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Health Information



The following health topics are discussed below:-

Latex Allergy

Allergies occur when the body comes in contact with a foreign material. The body often does not react to the foreign material at the first contact. A reaction may not occur until many contacts are made. Not all reactions are allergies.

Reactions on the skin are caused by many different materials. One material that may cause a reaction is LATEX. Latex comes from the sap of a rubber tree. Proteins attached to the latex cause allergies.

Latex exposure has increased in the last 15 years because health workers use gloves more often. Latex is in the gloves and the powder inside the gloves. The powder allows latex particles to go into the environment.

Some products that often contain latex include...

  • pacifiers
  • feeding nipples
  • adhesives
  • erasers
  • disposable diapers
  • elastic fabric
  • gloves
  • balloons
  • balls
  • masks
  • rubber toys
  • rubber mats
  • foam rubber
  • carpet backing
  • condoms
  • diaphragms
  • tape
  • bandages

Who is at risk of Latex Allergy?

People who have a history of allergic reactions. They may suffer from asthma, hay fever or eczema.

Workers employed in latex manufacturing, health care and dentistry where gloves are used often.

People who have had a lot of surgery, especially more than 10 procedures.

Children with spina bifida who have had a lot of surgery and urinary catheters.

People who have allergies to avocados, bananas, kiwi, passion fruit, potatoes, tomatoes, pineapples, grapes, apricots, cherries, peaches and chestnuts. This is because these plants share similar proteins to the rubber tree.

You may be sensitive to latex if you have had a reaction during surgery, dental visit or a test with injections or tubes or if you have had a reaction after putting on rubber gloves.

Common Skin Reactions to latex include...

    • stinging
    • burning
    • itching
    • swelling
    • redness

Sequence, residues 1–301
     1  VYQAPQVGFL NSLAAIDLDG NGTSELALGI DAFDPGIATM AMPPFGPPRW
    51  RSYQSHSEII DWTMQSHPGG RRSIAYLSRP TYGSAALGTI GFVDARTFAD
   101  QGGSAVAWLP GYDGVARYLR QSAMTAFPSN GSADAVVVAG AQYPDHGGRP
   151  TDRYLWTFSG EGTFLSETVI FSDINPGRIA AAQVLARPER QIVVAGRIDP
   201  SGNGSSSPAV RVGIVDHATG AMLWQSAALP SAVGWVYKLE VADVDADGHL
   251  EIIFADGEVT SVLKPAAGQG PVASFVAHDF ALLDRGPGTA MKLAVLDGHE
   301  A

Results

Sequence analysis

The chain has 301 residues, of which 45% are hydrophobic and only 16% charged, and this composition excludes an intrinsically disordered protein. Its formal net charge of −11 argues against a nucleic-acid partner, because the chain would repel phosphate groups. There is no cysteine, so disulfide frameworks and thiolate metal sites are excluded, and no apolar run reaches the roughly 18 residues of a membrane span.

• scaling
    • blistering

Latex particles are often airborne and contact can cause selling of your eyelids, lips and throat. Trouble breathing of tightness, wheezing, coughing or hives.

If you suspect that you have a latex allergy call your family doctor and ask for a latex sensitivity test.

Alternatives to latex are available. look for a LATEX FREE designation on products like bandages and gloves. Examination gloves are also available in vinyl or nitrile.

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The Basics of Blood Pressure

What is blood pressure?

Simply put, blood pressure is a measurement of the force exerted on the arteries when the heart pumps blood through your body. Results are expressed in millimeters of mercury (mmHg), and written as a fraction with systolic over diastolic pressure. Normal blood pressure is about 120/80. Systolic blood pressure indicates the force applied when the heart pumps, while diastolic blood pressure is the force when the heart is at rest. Both of these values are important to your physician in order to assess your cardiovascular health.

What is hypertension?

Hypertension is the medical term for high blood pressure, and is a result of elevated systolic and/or diastolic levels. While hypertension is often linked to family history and lifestyle, it is not uncommon for doctors to be unable to pinpoint the cause. In fact, many people diagnosed with hypertension had no risk factors prior. Thus, the disease has come to be referred to as “the silent killer.” Left untreated, high blood pressure may lead to more serious problems, such as kidney disease, heart attack, or stroke. A home blood pressure monitor is an excellent way to track your blood pressure; however, only a qualified physician can safely and accurately interpret the readings obtained from your monitor. Never attempt self-diagnosis or treatment of your symptoms. High blood pressure is best controlled under the supervision of your doctor.

I took my blood pressure and it was high !!

Should I be scared?

Scared, no. Concerned, yes.

Many things can affect blood pressure, such as stress, excitement, exercise and medication. It can also vary widely from day to day, and even hour to hour. Blood pressure is considered to be high when the systolic reading is 140 mmHg or above or the diastolic number is 90 mmHg or higher for an extended period. Your doctor will be able to make the diagnosis after taking several readings over a period of time. Always consult with your doctor regarding concerns about your blood pressure.

Why take your blood pressure at home?

Several clinical studies have shown improvement in detection and treatment of hypertension among people using a home blood pressure monitor, in conjunction with advice from their doctor. Some patients are anxious while having their blood pressure taken in a doctor’s office or hospital. This can cause elevated readings referred to as “white coat hypertension.” Conversely, blood pressure measurement at home tends to be more relaxed, limiting “outside” influences. Thus, a truer blood pressure history may be obtained.

BP Range Chart

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Ask a suspected Stroke victim to…





Sometimes symptoms of a stroke are difficult to identify. Unfortunately, the lack of awareness can spell disaster. A stroke victim may suffer brain damage when people nearby fail to recognize the symptoms.